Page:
My husband and I were recently asked to participate in a Newlywed Game activity with other couples in front of several hundred people at a summer camp for adolescent girls. I feel pressure at events like these because someone always manages to harass me with some version of “OK Mrs. Marriage Therapist Lady—let’s see what you’ve got.” It’s as if my entire professional career hangs in the balance of reading my husband’s mind for answers to 5 questions. In my estimation, the Newlywed Game is just mind reading for dummies, AKA “How to pick a fight with your spouse without even trying.”
On the way up in the car, my husband suggested that we practice. I was feeling good about our matched responses when he pointed out that, “Their questions aren’t going to be this easy—you know they are going to think of obscure questions to ask.” At my agreement, he directed me to “think of some obscure questions.” “Umm…I think by definition obscure questions are….obscured, so….questions we aren’t supposed to be able to figure out,” I responded. “Yeah,” my husband agreed, “but you’re a marriage therapist—so think of some,” which sounded a lot like, “Dance, puppet!” “Again,” I repeated, slower this time, “By definition, obscure questions are…” “Oh never mind,” he cut me off and wondered aloud why I had to be so difficult.
Sure enough, right out of the gate, the first question, to husbands, was, “My wife is a natural born (blank).” “Wow,” I thought, “This is going to be worse than I thought—so many choices—I hope he’s nice.” I quickly wrote “Reader,” crossing my fingers that my husband would recall the many times I had recounted my obsession with the kindergarten book corner.
We were chosen to reveal our answers first. Feeling optimistic, I held up my card simultaneously with my husband’s, which was met with an eruption of laughter. “Oh no,” I asked, “What did you write?” He showed me his card which radiated “LOVER,” in all caps, underlined in bright red ink. I raised my eyebrows and threw up my hands, mouthing “Wha….???” conveying, “Of all the available words in the English language, you really chose the word, ‘lover,’ dripping with a variety of potentially salacious interpretations…in front of the youth?” He whispered, “I was about to write ‘reader,’ but that sounds boring and you’re definitely not boring.” “OK, can you please remember that we are going for accuracy and not scandal?” I entreated.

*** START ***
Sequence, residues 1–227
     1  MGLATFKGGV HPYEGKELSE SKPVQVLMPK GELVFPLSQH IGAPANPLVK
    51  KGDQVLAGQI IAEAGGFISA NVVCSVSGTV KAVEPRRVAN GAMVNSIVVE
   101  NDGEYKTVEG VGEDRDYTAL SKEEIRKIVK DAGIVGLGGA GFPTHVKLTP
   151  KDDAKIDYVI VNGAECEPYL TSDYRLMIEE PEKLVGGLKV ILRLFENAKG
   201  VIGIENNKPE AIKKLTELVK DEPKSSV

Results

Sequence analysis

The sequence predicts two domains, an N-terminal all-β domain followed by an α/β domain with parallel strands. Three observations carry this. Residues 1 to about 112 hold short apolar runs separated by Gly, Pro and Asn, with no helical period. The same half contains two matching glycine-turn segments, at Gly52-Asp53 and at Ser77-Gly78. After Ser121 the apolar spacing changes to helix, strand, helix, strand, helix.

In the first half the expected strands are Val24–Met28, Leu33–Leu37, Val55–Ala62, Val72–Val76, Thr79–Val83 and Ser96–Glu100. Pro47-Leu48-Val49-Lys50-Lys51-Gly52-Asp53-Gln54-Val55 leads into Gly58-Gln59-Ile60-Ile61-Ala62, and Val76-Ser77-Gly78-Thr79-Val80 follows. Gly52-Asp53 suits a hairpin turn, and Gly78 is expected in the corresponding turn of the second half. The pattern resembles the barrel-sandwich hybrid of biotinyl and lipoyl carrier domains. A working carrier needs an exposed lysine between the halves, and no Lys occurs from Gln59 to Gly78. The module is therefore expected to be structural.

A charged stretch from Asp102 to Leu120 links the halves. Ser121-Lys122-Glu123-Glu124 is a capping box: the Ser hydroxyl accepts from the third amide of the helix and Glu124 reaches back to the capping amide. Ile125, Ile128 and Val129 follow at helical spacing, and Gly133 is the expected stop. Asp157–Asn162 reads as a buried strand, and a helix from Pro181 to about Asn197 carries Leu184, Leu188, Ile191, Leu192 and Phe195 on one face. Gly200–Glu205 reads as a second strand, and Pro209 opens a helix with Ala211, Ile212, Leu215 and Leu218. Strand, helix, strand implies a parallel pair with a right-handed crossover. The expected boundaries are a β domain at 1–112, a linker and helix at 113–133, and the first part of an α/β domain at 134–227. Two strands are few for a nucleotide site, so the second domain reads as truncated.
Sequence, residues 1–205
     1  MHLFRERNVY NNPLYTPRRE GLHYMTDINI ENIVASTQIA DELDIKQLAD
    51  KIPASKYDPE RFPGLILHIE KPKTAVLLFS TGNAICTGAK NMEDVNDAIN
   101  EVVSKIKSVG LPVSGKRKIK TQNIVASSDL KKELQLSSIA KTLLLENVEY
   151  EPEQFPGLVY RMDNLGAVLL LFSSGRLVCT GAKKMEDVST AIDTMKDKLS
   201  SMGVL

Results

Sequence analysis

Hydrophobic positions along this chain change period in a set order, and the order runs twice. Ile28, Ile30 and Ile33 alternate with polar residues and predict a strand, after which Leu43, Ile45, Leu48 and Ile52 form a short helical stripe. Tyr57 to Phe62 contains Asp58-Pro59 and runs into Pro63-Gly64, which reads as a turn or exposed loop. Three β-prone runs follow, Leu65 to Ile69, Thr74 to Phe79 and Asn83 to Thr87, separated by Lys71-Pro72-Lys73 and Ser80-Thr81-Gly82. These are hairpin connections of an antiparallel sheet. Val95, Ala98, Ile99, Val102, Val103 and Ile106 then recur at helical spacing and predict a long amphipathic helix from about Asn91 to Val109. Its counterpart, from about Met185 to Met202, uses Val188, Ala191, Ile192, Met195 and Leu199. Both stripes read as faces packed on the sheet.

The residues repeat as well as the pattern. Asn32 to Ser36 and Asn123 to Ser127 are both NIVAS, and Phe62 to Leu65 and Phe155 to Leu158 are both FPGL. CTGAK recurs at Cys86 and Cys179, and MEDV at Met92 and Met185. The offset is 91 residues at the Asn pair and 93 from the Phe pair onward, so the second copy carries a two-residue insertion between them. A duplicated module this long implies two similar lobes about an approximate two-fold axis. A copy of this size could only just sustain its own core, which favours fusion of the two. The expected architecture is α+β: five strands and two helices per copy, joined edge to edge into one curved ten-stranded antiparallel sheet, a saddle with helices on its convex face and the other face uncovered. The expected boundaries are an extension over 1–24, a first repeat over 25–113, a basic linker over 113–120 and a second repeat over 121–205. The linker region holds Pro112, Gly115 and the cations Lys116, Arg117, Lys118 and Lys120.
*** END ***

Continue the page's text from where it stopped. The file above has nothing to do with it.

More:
I was excited that we were in the running for the win when wives were asked, “Name something that your husband is good at that no one else knows about.” I enthusiastically scribbled “Juggling,” with hurried penmanship, desperately attempting to telepathically transmit my answer to my spouse.
As the answers were revealed, a few couples got a match on “Golf.” “Lame,” I judged, “That’s cheating…basically a safe answer that technically doesn’t meet the standards of something ‘other people don’t know about.’” I felt fleetingly virtuous and hopeful about my legitimate response before my complete deflation when the moderator frowned and pronounced our answers a mismatch. I turned toward my husband, “What did you…Waterskiing? Seriously? That’s not something people don’t know about!”
“But can he juggle while waterskiing?” someone heckled.
“Well,” he explained, “I was about to put ‘juggling,’ but then I decided I’m really not good at juggling.” “No,” I argued, “Compared to a professional juggling circus clown you’re not good. Compared to the average population, you’re really good.” He rolled his eyes. “Plus,” I continued, “People know you waterski.” “People don’t know I waterski,” he contested. “Are you kidding me?” I was so confused, “You have two different ski boats in our driveway alternating all summer long depending on your mood for the wake you want to ski that day. I think the cat’s out of the bag…people know you waterski…at least more than know you juggle.” “But I’m not good at juggling,” he repeated, which just increased my frustration. He was focusing on the first part of the question and I was focusing on the last part. “Just stop. We aren’t going to agree on this,” I declared, and he was happy to drop it.